The last time I was in Ireland I wasn’t blogging yet.  What riches lie here, let’s give it a start:

1. Poetry: I pick Joyce’s Ulysses, then Yeats and also Seamus Heaney, especially if the word “bog” appears in the poem.  A good collection is The Penguin Book of Irish Poetry, edited by Patrick Crotty.  Beyond the ranks of the super-famous, you might try Louis MacNeice, from the Auden Group, or perhaps Nuala Ní Dhomhnaill, who writes in Gaelic but has been translated by other superb Irish poets into English..

2. Novel/literature: Jonathan Swift: Gulliver’s Travels.  One of the very very best books for social science too, and one of my favorite books period.  After Joyce, there is also Oscar Wilde, George Bernard Shaw, Samuel Beckett, Lord Dunsany, John Banville (The Untouchable), William Trevor, and Elizabeth Bowen.  Iris Murdoch was born in Ireland, but does she count?  More recently I have enjoyed Anne Enright, Colm Tóibín, Eimear McBride, Claire Louise-Bennett, with Mike McCormack in my pile to read soon.  Roddy Doyle is probably good, but I don’t find him so readable.  Colum McCann somehow isn’t Irish enough for me, but many enjoy his work.  Can the Anglo-Irish Oliver Goldsmith count?  His Citizen of the World remains a neglected work.  The recently published volumes of Samuel Beckett’s correspondence have received rave reviews and I hope to read through them this summer.  Whew!  And for a country of such a small population.

3. Classical music: Hmm…we hit a roadblock here.  I don’t love John Field, so I have to call this category a fail.  I can’t offhand think of many first-rate Irish classical performers, can you?  James Galway?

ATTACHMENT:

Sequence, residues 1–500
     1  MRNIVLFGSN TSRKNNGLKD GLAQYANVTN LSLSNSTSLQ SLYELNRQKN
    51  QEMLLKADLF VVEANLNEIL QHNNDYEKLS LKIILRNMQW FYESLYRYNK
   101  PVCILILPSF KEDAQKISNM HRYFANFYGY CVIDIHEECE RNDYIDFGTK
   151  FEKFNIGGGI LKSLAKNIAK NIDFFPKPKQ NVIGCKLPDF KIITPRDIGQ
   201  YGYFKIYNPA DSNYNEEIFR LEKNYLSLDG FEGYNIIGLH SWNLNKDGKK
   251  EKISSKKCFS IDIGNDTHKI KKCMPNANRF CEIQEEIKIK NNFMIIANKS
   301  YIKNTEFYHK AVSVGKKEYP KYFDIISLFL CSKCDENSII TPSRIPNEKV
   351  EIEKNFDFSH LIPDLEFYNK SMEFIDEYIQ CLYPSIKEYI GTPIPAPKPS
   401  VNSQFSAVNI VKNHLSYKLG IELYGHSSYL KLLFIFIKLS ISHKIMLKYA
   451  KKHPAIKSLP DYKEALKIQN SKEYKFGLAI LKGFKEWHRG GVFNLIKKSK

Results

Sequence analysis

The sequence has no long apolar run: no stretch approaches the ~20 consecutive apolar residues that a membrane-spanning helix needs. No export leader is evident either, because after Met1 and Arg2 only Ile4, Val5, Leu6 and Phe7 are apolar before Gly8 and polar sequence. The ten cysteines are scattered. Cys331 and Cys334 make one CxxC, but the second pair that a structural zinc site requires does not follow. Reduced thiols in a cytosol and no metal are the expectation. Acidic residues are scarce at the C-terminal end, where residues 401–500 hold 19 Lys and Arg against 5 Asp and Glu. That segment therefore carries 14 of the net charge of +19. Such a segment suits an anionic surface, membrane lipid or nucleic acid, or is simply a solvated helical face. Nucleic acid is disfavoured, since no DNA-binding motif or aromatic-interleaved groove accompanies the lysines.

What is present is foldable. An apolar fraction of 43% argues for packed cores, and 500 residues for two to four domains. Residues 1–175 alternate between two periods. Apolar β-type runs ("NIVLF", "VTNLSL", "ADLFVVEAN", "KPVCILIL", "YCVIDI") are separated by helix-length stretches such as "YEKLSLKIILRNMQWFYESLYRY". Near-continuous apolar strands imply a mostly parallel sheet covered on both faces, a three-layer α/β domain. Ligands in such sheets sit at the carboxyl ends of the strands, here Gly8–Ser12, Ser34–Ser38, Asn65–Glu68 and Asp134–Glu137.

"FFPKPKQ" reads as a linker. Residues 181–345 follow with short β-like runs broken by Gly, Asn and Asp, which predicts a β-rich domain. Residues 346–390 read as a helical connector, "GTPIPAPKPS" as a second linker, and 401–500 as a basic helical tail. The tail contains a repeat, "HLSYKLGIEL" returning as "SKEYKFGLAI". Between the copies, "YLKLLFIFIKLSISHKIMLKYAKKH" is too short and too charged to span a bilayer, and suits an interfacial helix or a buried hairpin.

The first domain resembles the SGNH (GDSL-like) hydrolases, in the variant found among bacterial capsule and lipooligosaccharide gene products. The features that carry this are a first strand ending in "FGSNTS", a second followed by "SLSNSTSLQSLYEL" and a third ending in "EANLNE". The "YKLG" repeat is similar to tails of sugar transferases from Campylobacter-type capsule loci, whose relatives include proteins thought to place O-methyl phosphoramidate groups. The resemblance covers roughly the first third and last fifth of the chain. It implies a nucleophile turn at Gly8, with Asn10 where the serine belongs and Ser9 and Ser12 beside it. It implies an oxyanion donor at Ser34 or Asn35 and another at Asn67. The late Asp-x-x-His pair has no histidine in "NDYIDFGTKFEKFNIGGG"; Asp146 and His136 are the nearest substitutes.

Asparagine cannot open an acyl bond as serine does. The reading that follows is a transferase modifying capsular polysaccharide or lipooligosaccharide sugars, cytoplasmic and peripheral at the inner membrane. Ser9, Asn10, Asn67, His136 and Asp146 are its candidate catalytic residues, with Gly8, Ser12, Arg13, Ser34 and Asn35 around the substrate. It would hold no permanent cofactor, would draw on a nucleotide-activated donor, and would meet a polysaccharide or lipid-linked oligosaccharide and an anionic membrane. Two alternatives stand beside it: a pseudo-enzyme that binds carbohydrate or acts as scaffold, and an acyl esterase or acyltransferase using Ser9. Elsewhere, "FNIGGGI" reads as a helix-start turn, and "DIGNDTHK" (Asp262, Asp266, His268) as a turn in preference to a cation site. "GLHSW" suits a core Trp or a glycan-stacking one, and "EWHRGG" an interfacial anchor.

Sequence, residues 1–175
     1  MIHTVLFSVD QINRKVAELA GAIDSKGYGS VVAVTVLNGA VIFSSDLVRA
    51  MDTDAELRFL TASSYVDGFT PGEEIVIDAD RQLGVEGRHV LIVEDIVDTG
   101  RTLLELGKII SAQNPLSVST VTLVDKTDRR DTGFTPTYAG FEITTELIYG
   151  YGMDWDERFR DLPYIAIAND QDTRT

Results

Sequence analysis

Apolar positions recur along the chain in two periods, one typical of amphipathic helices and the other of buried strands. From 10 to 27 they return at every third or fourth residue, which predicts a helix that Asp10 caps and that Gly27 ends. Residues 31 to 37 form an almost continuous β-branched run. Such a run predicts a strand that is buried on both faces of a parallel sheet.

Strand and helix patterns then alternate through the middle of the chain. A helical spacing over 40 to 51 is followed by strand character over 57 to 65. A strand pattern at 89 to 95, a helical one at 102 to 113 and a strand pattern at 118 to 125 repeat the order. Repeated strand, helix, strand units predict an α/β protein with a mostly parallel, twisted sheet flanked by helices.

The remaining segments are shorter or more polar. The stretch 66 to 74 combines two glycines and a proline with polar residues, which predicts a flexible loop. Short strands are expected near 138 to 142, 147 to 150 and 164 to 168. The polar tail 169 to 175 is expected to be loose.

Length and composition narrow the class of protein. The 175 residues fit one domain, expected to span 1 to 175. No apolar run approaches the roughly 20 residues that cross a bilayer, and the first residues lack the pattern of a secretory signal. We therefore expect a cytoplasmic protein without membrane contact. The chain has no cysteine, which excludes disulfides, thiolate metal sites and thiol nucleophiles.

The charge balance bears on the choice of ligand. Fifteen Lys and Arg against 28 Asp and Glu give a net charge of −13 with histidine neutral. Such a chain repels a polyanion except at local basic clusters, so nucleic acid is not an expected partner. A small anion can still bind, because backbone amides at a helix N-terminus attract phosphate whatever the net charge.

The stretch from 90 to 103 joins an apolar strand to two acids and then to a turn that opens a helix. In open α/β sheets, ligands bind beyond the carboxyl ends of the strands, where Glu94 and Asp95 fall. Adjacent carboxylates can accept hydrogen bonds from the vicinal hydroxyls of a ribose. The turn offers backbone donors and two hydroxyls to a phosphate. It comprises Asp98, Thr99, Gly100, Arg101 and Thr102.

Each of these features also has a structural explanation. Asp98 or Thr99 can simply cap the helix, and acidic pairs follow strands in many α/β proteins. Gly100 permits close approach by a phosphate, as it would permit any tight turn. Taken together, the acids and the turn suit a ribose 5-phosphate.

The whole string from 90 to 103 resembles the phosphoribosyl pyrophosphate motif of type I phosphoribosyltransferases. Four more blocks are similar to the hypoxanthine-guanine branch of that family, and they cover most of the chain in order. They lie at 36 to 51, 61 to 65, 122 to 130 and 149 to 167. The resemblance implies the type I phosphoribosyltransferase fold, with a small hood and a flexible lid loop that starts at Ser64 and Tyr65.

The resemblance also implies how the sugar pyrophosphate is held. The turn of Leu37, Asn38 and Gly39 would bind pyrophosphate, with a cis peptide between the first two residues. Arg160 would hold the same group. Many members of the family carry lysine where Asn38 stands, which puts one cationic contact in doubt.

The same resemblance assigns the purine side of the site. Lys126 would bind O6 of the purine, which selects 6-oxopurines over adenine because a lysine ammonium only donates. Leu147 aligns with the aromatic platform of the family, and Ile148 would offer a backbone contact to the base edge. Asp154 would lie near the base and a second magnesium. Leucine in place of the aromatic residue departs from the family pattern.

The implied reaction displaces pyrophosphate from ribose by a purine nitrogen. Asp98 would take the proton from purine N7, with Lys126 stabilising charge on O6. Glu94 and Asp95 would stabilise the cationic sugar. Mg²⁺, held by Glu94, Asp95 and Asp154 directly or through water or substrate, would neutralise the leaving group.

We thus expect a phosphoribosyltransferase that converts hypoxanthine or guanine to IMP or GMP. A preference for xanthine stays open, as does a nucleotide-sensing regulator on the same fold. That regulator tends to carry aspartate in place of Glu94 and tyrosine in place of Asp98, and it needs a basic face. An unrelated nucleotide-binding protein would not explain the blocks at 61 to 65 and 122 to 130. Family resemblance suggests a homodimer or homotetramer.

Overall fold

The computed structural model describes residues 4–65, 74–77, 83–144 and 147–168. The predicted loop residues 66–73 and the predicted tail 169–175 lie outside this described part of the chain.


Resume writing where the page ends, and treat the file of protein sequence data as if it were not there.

4. Popular music: My Bloody Valentine, Loveless.  Certainly my favorite album post-1970s, and possibly my favorite of all time.  When the Irish do something well, they do it really really well.  Then there is Van Morrison, Them, Bono and U2, Rory Gallagher, Bob Geldof and The Boomtown Rats, The Pogues, The Cranberries, and Sinead O’Connor, among others.  I confess to having an inordinate weakness for Gilbert O’Sullivan.  Traditional Irish music would need a post of its own, but it has never commanded much of my attention.

5. Painter: Francis Bacon is the obvious and probably correct choice, but I am no longer excited to see his work.  I don’t find myself seeing new things in it.  Sean Scully wins runner-up.  This is a slightly weak category, at least relative to some of the others.

6. Political philosopher: Edmund Burke, who looks better all the time, I am sorry to say.

7. Philosopher: Bishop Berkeley.  He is also interesting on monetary theory, anticipating some later ideas of Fischer Black on money as an abstract unit of account.

8. Classical economist: Mountifort Longfield and Isaac Butt both had better understandings of supply and demand and marginalism, before the marginal revolution, than almost any other economists except for a few of the French.